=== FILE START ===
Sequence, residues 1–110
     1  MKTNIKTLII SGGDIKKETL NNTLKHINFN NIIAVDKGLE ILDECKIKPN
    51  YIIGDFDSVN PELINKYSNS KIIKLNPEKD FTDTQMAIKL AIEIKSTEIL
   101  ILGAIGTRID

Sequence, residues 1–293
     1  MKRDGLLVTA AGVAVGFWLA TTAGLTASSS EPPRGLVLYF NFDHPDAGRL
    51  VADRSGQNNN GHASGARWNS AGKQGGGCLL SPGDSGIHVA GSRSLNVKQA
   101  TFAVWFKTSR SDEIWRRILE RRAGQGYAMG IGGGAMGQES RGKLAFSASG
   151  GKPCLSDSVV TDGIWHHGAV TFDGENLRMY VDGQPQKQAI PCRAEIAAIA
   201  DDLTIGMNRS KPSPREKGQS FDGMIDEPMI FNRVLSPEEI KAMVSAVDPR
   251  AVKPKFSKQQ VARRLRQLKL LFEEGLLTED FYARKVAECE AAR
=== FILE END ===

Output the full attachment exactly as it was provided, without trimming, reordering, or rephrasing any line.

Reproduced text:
Sequence, residues 1–110
     1  MKTNIKTLII SGGDIKKETL NNTLKHINFN NIIAVDKGLE ILDECKIKPN
    51  YIIGDFDSVN PELINKYSNS KIIKLNPEKD FTDTQMAIKL AIEIKSTEIL
   101  ILGAIGTRID

Sequence, residues 1–293
     1  MKRDGLLVTA AGVAVGFWLA TTAGLTASSS EPPRGLVLYF NFDHPDAGRL
    51  VADRSGQNNN GHASGARWNS AGKQGGGCLL SPGDSGIHVA GSRSLNVKQA
   101  TFAVWFKTSR SDEIWRRILE RRAGQGYAMG IGGGAMGQES RGKLAFSASG
   151  GKPCLSDSVV TDGIWHHGAV TFDGENLRMY VDGQPQKQAI PCRAEIAAIA
   201  DDLTIGMNRS KPSPREKGQS FDGMIDEPMI FNRVLSPEEI KAMVSAVDPR
   251  AVKPKFSKQQ VARRLRQLKL LFEEGLLTED FYARKVAECE AAR